If you’re living in an apartment or home that doesn’t get much sunlight, it can be hard to get light-loving houseplants and flowers to grow. However, that doesn’t mean you can’t enjoy the beauty of greenery in your home! We’ve rounded up over 30 low-light houseplants that don’t need direct sunlight to thrive — in fact, some of them can even be damaged by direct sunlight.
Check out our list of the best low-light houseplants below.
Whether you’re new to caring for plants or want to add a low-maintenance plant to your collection, these low-light houseplants thrive in shadier rooms and don’t need direct sunlight to grow. Additionally, they have the added benefit of being very tough to kill.
Also known as the pothos, these popular plants have leaves that change color based on lighting conditions. They grow long vines which may need to be untangled regularly to continue growing.
This low-light houseplant is one of the most durable plants you can grow, making it perfect for novice gardeners. For light maintenance, wipe the leaves with a damp cloth once weekly to prevent dust buildup.
Aloe vera plants are perfect additions to small spaces and their leaves can even be used to relieve pain or burned skin. Though this succulent enjoys some indirect light, direct sunlight will dry its leaves.
Also known as mother-in-law’s tongue, snake plants grow best when fertilized during the spring and summer. Be sure to allow the soil to dry between waterings to prevent root rot.
These colorful plants are cousins to the Chinese evergreen and show their most vivid colors with medium light. Despite its red color, the leaves of red aglaonema burn easily in direct sunlight.
One of the most popular houseplants, ZZ plants have been found to remove copious amounts of toxins from the air. For maintenance of mature ZZ plants, prune excess branches and overgrowth periodically.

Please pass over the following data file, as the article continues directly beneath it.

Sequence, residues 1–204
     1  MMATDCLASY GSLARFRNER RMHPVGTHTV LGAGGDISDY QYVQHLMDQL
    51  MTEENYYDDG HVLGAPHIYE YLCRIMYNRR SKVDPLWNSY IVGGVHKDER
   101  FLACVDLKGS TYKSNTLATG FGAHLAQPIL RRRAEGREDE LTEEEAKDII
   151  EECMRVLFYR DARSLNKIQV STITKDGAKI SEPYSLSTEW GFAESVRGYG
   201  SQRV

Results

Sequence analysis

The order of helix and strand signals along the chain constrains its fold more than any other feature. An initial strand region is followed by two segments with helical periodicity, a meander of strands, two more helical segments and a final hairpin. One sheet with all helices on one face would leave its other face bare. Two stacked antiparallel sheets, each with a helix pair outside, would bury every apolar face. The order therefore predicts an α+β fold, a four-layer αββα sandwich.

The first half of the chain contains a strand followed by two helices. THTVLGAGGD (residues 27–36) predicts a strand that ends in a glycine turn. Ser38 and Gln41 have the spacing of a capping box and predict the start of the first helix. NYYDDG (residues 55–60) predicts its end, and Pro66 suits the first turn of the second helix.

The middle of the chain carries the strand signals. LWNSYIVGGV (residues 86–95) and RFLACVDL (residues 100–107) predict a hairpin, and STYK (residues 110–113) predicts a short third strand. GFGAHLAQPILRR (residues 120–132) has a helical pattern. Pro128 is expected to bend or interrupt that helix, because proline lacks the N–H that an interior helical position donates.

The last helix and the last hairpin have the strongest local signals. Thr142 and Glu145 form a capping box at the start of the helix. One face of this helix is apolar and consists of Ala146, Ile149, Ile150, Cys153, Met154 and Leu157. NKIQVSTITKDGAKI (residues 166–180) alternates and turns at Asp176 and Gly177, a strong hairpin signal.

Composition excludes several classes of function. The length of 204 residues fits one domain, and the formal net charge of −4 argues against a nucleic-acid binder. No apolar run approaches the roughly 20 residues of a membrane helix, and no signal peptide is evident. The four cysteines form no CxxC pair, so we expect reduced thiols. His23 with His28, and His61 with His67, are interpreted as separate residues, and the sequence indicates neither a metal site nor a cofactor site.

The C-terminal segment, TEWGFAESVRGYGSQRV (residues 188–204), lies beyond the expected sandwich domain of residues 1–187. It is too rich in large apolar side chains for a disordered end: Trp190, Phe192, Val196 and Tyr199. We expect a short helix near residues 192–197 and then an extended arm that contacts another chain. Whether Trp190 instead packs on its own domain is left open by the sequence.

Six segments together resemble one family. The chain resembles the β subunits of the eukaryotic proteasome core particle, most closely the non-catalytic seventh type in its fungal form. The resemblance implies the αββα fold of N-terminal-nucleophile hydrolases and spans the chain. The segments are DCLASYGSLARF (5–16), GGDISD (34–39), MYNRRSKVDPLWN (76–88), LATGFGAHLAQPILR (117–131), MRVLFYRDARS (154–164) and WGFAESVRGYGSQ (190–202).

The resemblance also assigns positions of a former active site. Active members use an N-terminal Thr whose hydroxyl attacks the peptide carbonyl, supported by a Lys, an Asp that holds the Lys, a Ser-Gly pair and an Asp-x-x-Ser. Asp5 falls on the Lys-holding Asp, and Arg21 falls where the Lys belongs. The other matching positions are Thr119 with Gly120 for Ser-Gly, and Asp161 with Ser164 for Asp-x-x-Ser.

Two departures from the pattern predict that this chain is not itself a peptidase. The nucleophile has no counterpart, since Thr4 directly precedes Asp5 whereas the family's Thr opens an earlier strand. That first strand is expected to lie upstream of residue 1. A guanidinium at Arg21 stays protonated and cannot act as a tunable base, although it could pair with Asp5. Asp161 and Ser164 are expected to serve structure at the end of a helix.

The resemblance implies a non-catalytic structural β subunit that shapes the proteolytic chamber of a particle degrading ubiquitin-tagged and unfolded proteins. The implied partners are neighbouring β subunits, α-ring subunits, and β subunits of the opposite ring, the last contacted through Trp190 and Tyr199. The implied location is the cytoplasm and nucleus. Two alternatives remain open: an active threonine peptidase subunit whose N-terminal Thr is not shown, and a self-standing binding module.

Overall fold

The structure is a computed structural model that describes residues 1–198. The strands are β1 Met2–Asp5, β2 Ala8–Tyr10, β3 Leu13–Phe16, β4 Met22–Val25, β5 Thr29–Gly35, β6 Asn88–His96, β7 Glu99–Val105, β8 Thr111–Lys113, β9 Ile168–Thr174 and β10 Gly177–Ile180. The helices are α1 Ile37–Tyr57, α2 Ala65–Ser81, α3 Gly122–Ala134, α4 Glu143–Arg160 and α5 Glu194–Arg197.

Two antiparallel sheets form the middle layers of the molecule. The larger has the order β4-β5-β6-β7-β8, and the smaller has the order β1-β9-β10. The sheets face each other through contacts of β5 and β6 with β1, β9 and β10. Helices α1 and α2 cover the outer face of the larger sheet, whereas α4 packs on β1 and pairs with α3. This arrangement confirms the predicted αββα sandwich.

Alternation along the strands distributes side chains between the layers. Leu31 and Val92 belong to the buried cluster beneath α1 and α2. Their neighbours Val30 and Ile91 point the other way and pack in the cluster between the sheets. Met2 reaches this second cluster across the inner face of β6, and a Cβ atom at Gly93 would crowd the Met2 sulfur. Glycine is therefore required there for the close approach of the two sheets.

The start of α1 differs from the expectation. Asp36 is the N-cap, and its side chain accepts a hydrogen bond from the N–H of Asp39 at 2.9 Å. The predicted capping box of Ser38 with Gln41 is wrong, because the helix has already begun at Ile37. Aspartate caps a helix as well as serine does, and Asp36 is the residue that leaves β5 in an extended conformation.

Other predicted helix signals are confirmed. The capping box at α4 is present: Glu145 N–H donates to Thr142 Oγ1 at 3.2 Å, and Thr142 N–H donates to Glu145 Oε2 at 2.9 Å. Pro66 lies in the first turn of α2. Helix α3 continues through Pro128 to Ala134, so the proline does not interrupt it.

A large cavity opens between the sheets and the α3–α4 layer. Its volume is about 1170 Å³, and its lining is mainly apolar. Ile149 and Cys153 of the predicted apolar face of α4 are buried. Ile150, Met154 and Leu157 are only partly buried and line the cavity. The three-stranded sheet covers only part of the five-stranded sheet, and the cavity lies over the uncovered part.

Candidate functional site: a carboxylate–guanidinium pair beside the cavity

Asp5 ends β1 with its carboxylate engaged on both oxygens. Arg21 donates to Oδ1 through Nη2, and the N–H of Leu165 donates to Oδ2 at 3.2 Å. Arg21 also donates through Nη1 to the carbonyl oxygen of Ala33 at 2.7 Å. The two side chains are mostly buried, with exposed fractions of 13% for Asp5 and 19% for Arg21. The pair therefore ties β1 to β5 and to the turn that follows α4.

These full-foliage plants resemble small shrubs, making them perfect to fill out space in an otherwise minimalist room. Water only 1–2 times a month, as overwatering can easily kill these plants.
These leafy plants are older than dinosaurs and are just as hardy, but don’t tolerate moisture well. Though rare, sago palm blooms can be encouraged with monthly fertilizer treatments.
Also called Moses-in-the-cradle, this no-fuss house plant doesn’t grow very tall, making it perfect for tabletops or desks. Place the plant in a north-facing or east-facing window to avoid direct sunlight.
These striking low-light houseplants make bold statements in any room but grow best when not overwatered. Rotate the plant regularly to provide consistent light to all sides.
This romantic houseplant is incredibly easy to care for and will develop long vines if left to grow unhindered. Place the plant on a bookcase or shelf to encourage the vines to drape.
The rex begonia is a unique little plant that may be finicky to care for but will grow well in low-light environments. Do not mist the leaves, as this can lead to spotting and discoloration.
This vibrant plant maintains its color best in low-light environments and is relatively slow-growing. Allow the soil to dry between waterings, but mist the leaves regularly.
These silver-spotted plants can grow vines up to 10 feet in length in good indoor conditions. Trim as desired to curb overgrowth and lengthy vines.
This moisture-loving plant has leaves that will change shape as the plant matures –– young plants feature the “arrowhead” shape. Allow the plant to dry between waterings for best growth.
Hoping to find a houseplant that will take up space in your home? Some of these low-light houseplants can grow to 10 feet tall, creating the perfect focal point in any room.